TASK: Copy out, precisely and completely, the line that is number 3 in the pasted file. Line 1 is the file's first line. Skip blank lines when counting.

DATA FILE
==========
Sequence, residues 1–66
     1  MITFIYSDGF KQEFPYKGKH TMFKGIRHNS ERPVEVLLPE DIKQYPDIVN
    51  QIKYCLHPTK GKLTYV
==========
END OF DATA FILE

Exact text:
    51  QIKYCLHPTK GKLTYV